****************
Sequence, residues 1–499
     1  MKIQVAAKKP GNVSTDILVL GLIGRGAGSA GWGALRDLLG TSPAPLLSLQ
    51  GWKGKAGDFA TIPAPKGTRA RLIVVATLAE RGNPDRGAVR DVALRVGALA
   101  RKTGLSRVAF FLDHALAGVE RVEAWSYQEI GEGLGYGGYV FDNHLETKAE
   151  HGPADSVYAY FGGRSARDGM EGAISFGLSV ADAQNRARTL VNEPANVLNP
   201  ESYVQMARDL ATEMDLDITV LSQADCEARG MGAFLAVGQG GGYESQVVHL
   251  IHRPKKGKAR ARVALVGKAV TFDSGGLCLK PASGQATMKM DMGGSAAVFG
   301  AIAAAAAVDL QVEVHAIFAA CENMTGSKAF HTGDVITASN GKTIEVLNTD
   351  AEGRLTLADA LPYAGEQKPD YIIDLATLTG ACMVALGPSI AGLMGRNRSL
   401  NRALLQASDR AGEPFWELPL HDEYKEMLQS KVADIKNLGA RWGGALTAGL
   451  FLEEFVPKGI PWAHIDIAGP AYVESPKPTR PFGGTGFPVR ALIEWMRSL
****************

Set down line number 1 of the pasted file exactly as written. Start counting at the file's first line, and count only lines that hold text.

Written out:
Sequence, residues 1–499